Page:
They were quite excited about setting up for the party... we moved chairs and tables out to the deck. They found my wrapping paper and asked what it was. I showed them by giving them an early present... water bottles. Habtamu loved his right away, Yordi was disappointed by the color.

(Let me 'splain about colors... Early on in America, the children established whose car belonged to whom, based on color. Habti gets all the red, blue and yellow cars. Yordi gets all the white and green cars. Daddy gets silver, and Mommy gets black. Well, Mommy got black cars until yesterday when they realized that my Saturn is actually dark green. Now Mommy gets green cars. )

SO, Yordi's water bottle was green, and she was not happy. Green would have been fine yesterday. Habti kept kissing his bottle, so I guess he liked it ok.

After putting water in their bottles, Habti discovered that his leaked, and he walked off in a huff. Stomping included! I looked at his bottle and saw that Yes, it would leak if it weren't closed entirely, which it wasn't.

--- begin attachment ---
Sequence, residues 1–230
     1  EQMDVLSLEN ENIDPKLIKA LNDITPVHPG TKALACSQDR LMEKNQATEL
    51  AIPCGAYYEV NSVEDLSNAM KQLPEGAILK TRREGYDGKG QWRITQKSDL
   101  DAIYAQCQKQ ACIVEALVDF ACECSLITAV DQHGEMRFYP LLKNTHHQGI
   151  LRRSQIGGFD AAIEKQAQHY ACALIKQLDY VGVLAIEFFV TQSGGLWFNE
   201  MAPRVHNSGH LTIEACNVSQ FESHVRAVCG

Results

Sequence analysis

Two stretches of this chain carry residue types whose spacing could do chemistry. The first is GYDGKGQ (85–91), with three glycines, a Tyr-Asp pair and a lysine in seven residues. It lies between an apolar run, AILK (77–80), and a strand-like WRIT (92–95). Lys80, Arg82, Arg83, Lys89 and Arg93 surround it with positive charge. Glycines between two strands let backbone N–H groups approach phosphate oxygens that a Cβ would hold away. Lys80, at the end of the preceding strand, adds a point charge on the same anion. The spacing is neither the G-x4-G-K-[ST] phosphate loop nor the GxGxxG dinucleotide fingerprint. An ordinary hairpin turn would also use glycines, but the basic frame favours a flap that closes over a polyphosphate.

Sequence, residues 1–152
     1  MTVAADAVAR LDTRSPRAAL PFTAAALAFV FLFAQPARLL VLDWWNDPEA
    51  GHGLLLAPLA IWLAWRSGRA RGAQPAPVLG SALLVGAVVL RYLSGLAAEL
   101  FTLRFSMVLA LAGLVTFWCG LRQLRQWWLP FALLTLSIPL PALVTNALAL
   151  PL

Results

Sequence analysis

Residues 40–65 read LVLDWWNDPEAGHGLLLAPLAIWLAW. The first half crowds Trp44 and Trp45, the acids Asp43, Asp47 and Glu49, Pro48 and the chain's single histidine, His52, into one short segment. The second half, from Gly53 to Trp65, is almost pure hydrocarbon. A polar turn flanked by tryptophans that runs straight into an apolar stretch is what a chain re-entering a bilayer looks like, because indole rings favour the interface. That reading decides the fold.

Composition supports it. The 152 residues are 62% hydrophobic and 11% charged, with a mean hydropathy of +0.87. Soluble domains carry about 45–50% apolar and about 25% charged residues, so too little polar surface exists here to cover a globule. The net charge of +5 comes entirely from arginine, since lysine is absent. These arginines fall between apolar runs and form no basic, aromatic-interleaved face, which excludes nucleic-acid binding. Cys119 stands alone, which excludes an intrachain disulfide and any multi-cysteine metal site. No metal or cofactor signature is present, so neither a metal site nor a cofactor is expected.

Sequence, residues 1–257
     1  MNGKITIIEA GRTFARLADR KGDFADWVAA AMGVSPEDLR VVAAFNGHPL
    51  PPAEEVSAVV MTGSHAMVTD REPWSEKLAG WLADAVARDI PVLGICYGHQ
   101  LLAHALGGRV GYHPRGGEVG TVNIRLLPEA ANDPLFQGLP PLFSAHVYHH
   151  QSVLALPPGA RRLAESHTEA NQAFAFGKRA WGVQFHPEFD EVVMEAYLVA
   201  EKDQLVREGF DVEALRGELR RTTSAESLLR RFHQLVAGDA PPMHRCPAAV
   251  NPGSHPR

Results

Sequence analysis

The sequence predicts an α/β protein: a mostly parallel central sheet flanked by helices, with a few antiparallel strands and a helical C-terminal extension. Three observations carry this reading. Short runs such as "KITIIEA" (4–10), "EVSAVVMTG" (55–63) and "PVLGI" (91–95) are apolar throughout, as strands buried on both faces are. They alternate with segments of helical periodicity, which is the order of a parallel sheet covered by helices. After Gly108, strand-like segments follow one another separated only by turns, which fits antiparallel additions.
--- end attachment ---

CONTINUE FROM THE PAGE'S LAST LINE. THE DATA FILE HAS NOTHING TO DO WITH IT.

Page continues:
I put both water bottles aside in the kitchen, waiting for the tide to turn, which it finally did, and now they both like the bottles, thank you very much.

I knew it was just a matter of time before someone broke down. We made it through pizza, and sitting on the deck for while. We flipped a coin to see which child would blow candles out first. Yordi won. We lit the candles and we sang and she blew them out. We lit Habti's candles immediately... before her candles had stopped smoking. He took off in a huff. Who knows why... he understands the coin toss to choose.

He went down stomping and yelling (but not screaming). Everyone except Grandma and Grandpa left. Thanks, you guys, for understanding! We tried our decided on strategy... that Lee would excuse himself, and I'd see the time-out through. When the buzzer went off I asked him if he was finished. He gave me an unconvincing Yes. Finished. I told him how it should sound and he did that and apologized and hugged me. The Lee came back and H cried on his shoulder for a few minutes. Good crying, not bad crying.

THEN they noticed the huge mound of gifts for them. They had not had the bandwidth to see them while everyone was here. We decided to risk the gift opening, which went very well. There was no "She has, He has..." They then played with their new gifts for an hour or so. Awesome!


Tap, Tap... Is this thing on?

I know this is common to all children. Knowing it does not make me more patient. Why do I have to repeat myself, again and again and again? Ok, there's the language thing, but I use words that they know.